How to buy a Good Walking Shoe

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How to buy a Good Walking Shoe

With Operation July Success right around the corner, there has been a lot of talk among the Walk at Home team about good walking shoes – and how you find them. Lee has given our team some great tips for buying a wonderful shoe that will keep you up and active!

Buy for Comfort: The more comfortable your shoes are, the more likely you are to use them – and that’s the goal, right?

Buy for Support: Make sure the shoe you purchase supports your ankle, but is also not tight enough to pinch, especially across the ball or arch of your foot. Additionally, there should be approximately a thumbnails width between your toes and the end of the shoe.

Buy for Reduced Impact: Reduced impact shoes will ease tension on your joints and allow for less pain post-workout. Look for shoes with advanced technology, which you’ll see in the design. These layers of technology, known as air chambers, are usually very clear to see at the base of the shoe. You should also feel a slight bounce when you try them on.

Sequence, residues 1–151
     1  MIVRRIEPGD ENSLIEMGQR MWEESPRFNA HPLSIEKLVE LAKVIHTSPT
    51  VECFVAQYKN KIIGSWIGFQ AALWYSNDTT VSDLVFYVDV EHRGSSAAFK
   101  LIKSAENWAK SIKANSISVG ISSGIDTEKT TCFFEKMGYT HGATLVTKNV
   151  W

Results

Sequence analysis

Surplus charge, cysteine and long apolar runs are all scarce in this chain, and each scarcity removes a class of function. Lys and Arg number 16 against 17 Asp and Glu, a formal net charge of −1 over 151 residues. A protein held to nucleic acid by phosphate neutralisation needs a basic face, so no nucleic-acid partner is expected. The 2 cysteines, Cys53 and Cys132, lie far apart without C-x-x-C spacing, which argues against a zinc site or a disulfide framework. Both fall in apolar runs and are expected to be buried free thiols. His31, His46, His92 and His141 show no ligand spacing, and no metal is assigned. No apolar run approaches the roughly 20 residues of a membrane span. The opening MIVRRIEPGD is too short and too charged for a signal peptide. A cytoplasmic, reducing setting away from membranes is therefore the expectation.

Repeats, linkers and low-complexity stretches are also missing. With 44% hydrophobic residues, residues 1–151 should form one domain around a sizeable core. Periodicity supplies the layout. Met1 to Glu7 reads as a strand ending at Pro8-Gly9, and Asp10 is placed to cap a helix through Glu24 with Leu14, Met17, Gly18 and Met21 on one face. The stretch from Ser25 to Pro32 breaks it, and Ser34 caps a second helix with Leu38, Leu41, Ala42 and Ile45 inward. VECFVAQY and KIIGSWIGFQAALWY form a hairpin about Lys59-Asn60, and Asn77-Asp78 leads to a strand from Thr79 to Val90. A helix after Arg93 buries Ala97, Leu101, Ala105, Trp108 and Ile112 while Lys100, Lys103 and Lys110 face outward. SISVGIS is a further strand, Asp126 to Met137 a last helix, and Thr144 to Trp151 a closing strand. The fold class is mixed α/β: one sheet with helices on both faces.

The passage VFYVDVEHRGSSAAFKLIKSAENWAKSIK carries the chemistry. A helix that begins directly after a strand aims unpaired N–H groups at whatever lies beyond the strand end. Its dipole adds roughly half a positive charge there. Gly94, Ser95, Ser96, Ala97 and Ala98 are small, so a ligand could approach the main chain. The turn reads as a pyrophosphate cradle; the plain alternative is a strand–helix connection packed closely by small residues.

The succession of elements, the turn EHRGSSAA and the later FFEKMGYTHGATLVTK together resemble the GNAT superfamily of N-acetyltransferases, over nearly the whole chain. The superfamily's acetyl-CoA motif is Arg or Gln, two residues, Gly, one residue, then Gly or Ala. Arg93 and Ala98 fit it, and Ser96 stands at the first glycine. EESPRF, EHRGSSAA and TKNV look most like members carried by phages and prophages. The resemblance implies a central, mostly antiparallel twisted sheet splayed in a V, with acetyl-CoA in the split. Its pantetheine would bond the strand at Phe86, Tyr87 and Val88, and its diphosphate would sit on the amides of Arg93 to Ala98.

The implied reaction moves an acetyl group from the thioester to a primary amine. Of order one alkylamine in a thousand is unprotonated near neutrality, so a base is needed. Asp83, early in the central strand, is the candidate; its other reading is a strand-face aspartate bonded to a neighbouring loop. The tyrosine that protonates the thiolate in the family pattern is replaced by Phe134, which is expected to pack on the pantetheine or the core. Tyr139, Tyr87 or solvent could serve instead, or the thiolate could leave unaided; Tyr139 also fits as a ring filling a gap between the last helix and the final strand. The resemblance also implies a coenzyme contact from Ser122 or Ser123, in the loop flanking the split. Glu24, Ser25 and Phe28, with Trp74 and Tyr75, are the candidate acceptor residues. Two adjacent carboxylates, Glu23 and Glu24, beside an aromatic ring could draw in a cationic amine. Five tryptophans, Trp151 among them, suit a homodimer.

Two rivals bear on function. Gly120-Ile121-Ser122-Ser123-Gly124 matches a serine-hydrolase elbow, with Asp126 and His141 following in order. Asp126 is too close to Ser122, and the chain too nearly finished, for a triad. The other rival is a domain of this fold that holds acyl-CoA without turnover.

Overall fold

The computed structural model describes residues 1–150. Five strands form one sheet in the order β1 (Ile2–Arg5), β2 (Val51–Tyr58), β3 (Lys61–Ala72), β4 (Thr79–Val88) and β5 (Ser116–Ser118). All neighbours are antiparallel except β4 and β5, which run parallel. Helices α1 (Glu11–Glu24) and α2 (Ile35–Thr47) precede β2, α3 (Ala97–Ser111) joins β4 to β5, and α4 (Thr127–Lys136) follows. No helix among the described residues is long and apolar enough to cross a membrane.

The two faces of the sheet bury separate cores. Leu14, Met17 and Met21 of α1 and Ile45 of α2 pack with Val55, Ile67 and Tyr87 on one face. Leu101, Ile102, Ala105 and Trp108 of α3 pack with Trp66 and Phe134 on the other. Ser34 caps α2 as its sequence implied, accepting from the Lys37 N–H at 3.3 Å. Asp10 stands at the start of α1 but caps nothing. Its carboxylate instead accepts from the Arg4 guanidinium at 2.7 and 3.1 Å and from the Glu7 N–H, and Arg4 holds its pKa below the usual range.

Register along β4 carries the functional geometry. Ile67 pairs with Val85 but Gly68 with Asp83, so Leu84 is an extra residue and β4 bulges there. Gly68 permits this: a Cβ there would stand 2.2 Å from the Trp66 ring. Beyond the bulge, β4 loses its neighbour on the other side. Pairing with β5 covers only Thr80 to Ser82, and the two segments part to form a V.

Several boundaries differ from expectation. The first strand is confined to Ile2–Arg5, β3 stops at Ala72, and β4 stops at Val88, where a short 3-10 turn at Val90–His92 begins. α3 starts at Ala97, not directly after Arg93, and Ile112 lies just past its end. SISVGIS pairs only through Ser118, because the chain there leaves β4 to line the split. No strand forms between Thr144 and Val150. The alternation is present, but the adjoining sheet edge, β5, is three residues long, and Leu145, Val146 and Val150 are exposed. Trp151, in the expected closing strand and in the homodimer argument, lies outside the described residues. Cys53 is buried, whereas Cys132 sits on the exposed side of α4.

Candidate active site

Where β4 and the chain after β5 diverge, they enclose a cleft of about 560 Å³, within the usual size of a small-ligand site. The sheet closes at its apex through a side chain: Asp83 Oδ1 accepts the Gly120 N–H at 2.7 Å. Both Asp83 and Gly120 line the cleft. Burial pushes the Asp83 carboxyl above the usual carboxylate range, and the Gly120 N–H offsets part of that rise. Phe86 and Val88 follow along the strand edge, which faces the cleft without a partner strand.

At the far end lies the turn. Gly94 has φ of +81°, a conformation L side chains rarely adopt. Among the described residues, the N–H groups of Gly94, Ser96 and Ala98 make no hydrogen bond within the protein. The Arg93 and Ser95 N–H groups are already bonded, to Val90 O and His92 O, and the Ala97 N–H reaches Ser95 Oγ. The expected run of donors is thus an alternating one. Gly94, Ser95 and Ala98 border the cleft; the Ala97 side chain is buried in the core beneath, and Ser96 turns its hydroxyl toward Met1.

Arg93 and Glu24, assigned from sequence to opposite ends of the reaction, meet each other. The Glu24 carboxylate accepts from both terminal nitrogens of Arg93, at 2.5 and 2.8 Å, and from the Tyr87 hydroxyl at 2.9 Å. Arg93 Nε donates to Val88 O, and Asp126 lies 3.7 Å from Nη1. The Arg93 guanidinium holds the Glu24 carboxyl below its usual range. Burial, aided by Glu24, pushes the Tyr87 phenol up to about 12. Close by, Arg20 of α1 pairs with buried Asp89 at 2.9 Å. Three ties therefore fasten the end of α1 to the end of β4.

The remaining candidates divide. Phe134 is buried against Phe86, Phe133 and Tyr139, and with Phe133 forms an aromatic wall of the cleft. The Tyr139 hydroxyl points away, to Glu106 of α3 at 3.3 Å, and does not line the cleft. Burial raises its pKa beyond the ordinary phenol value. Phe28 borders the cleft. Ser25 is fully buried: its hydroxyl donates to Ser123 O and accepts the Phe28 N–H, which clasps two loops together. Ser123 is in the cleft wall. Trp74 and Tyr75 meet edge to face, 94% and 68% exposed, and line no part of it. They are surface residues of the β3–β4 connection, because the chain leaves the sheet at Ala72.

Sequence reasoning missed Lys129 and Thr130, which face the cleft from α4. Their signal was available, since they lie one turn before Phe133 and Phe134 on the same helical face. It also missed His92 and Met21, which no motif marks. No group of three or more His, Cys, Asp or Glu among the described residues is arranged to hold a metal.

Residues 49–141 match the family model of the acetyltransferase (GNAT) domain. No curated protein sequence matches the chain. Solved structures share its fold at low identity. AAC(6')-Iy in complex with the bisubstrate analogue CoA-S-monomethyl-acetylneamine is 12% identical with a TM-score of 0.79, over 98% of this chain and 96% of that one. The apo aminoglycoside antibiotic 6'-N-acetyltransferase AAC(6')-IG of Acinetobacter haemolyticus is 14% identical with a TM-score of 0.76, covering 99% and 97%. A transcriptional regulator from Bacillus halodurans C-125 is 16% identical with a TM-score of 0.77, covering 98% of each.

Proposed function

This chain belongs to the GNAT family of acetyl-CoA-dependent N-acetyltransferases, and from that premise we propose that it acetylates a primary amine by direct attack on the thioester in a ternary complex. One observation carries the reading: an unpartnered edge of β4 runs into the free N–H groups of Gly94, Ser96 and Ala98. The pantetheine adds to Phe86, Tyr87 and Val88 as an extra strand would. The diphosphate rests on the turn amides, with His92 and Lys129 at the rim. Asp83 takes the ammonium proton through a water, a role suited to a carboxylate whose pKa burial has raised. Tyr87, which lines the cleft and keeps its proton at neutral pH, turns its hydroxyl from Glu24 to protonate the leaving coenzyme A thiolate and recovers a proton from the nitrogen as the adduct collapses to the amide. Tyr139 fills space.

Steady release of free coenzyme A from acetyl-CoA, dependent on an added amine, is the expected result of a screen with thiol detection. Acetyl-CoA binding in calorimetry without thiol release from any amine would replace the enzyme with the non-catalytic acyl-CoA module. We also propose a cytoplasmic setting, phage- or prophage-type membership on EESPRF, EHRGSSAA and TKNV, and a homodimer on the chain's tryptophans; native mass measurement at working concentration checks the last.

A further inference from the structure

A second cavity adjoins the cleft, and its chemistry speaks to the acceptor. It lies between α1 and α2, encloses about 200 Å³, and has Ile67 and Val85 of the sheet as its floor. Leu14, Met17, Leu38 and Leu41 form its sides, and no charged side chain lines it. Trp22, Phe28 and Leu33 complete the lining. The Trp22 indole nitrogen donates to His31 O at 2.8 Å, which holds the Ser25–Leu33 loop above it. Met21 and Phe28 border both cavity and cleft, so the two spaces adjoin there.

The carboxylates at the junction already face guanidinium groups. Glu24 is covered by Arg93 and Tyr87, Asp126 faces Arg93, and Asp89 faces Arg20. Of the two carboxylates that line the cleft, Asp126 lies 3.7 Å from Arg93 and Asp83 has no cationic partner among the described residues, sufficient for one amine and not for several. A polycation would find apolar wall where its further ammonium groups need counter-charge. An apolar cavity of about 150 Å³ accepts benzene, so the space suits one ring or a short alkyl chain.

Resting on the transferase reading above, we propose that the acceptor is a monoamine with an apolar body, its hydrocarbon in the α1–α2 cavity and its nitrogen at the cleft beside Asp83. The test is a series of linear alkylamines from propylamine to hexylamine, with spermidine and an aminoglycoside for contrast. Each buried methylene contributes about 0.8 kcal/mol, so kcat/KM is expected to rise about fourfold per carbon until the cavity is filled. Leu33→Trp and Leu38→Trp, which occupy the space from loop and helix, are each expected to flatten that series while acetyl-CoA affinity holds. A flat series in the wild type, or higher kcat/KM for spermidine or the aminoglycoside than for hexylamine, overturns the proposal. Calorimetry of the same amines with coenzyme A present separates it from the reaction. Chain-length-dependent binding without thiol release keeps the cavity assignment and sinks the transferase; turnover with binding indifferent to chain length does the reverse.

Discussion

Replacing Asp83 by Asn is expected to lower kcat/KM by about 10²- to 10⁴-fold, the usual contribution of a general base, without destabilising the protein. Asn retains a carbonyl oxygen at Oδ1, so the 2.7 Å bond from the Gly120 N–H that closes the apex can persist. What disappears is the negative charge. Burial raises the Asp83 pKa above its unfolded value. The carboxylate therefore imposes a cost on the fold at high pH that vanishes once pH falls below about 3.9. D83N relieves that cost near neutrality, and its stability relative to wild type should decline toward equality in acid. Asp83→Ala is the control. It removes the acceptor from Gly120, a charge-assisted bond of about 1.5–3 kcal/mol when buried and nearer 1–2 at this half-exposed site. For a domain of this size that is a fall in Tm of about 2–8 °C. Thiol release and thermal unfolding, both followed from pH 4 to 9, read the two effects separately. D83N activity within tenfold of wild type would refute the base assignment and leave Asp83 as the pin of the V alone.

Fabric: Look for a shoe that is lightweight and breathable. Anything too heavy or dense will be a burden to walk in.

Shop Smartly: Make sure to shop at night, when your foot is slightly swollen from the day. It is the best time to shop for a perfect fit. Also, make sure you allow plenty of time to shop for your shoes. Rushed decisions are usually the ones that end up as returns – or worse, as painful workout shoes.

Test Run: Make sure to spend at least three hours with your shoes on inside, before taking them for a spin outdoors. This will allow you to test the shoes fit and comfort level without scuffing up the soles, which will make them easier to return if they aren’t the right fit.

Shoe Life: Most walking shoes should be replaced after 5-6 months of consistent power walks. We define consistent as four to five, 30 minute or more walks per week.

Hopefully this advice will prove helpful the next time you’re surrounded by a sea of choices in the shoe store. However, the best resource you can use is the sales person helping you grab sizes. They are often incredibly versed in the specific shoes they carry, and can help you make a well educated decision!

 By Walk at Home

 

 


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